Welcome to my new series, Remember Memory. In this series, we will explore ways to prevent dementia, what to do if you are diagnosed, and research in memory care.
New studies are being conducted on a regular basis on the cause of dementia, medications, therapies, and ways to prevent dementia. There is still no cure for dementia or Alzheimer’s, but there may be ways to prevent cognitive decline as you age.
In the article: SPRINT MIND Results: What’s Good for the Heart is Good for the Brain,
your blood pressure is a precursor to dementia and other cognitive issues.
In adults with increased risk for cardiovascular disease but without diabetes, treating to a systolic blood pressure (BP) target less than 120 mmHg, as compared to a target of less than 140 mmHg, may reduce the risk of mild cognitive impairment (MCI) and the combined risk of MCI and dementia, according to preliminary results from the SPRINT MIND trial presented June 25 at the Alzheimer’s Association International Conference in Chicago.
A substudy of the SPRINT trial – which randomized patients to either a standard group, with a target of less than 140 mm Hg, or an intensive-treatment group, with a target of less than 120 mm Hg – SPRINT MIND looked at 9,361 hypertensive older adults with increased cardiovascular risk but without diagnosed diabetes, dementia or stroke.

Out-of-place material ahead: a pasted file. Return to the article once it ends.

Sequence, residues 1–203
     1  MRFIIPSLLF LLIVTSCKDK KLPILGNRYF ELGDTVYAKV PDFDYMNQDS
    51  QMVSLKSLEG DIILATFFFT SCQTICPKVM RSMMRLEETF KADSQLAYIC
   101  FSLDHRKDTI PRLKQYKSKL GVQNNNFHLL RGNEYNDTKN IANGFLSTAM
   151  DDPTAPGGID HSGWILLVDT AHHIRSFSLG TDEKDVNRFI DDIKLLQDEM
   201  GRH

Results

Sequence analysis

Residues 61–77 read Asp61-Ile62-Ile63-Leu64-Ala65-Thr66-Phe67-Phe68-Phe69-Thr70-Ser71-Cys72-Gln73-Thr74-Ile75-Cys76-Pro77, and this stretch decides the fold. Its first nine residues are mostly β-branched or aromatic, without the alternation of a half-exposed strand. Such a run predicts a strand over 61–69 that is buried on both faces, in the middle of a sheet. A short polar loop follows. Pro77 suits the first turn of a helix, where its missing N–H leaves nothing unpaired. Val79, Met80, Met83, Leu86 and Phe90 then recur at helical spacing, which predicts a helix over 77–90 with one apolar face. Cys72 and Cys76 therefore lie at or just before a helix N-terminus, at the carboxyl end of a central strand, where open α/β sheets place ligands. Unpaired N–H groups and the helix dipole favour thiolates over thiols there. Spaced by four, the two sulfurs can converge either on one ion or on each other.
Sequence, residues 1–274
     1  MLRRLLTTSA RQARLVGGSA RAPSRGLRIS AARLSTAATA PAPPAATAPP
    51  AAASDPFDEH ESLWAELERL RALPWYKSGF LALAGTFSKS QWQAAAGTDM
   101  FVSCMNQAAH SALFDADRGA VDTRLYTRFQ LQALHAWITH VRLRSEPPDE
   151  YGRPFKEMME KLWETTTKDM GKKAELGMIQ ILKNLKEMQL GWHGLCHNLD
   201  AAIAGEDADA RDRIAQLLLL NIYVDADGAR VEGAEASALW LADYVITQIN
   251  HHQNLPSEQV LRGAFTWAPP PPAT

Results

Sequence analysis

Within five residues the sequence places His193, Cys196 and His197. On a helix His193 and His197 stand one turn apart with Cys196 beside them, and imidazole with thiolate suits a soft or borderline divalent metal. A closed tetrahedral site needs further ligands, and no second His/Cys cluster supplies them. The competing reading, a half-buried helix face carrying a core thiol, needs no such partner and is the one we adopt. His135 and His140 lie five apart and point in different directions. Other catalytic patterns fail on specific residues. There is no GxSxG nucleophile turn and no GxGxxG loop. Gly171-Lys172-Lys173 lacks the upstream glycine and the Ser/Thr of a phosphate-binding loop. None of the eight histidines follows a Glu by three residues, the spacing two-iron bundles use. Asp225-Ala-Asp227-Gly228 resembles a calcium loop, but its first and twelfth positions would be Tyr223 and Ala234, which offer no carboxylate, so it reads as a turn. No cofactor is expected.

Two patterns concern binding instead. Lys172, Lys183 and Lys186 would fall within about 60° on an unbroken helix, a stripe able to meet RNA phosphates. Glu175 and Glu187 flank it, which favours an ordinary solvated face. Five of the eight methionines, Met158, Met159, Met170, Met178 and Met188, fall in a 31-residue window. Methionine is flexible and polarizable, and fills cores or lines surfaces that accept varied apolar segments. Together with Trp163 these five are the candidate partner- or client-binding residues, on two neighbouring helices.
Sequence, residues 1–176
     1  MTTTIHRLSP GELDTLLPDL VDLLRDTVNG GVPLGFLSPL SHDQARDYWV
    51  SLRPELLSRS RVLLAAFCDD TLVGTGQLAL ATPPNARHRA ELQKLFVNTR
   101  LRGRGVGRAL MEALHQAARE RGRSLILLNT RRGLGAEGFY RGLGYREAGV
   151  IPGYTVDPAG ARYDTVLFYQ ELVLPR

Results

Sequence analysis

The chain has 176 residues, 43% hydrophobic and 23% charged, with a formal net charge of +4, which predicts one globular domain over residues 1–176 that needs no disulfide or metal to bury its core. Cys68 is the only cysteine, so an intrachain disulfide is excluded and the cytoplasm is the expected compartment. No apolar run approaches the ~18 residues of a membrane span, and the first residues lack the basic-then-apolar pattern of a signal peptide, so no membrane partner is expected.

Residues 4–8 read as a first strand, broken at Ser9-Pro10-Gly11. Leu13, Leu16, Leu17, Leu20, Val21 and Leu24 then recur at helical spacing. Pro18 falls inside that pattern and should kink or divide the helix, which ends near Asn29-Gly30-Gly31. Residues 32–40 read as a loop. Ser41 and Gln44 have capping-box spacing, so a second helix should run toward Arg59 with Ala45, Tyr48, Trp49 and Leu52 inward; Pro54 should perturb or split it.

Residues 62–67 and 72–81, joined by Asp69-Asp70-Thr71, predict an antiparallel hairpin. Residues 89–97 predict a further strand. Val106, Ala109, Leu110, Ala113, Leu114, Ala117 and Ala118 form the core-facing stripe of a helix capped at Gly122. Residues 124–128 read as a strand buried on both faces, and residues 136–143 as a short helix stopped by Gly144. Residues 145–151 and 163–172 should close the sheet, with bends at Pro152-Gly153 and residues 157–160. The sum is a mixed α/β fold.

Results showed that at one year, mean systolic BP was 121.4 mmHg in the intensive-treatment group and 136.2 mmHg in the standard group. There was a “significantly lower rate” of adjudicated incident MCI and a “non-significant reduction” in the primary outcome of probable dementia. Secondary outcomes of a combined outcome of MCI plus probable dementia was significantly lower in the intensive vs. standard treatment group.
Research is also showing that the majority of dementia diagnosis are due to vascular episodes in the brain; strokes and cardiovascular disease that leave scar tissue on the brain. With some of these episodes leading to Alzheimer’s and other forms of dementia. Some studies have shown that cognitive exercises can provide improvement in cognition and in some cases, people can lead normal lives.
#memorycare, #longtermcare, #assisted living, #Alzheimer’s, #dementia, #remembermemory, memorycareprogramming, #aging
Heather Reynolds is a Certified Alzheimer’s Practitioner Trainer and the Director of the Namaste Memory Care at Crescent Senior Living.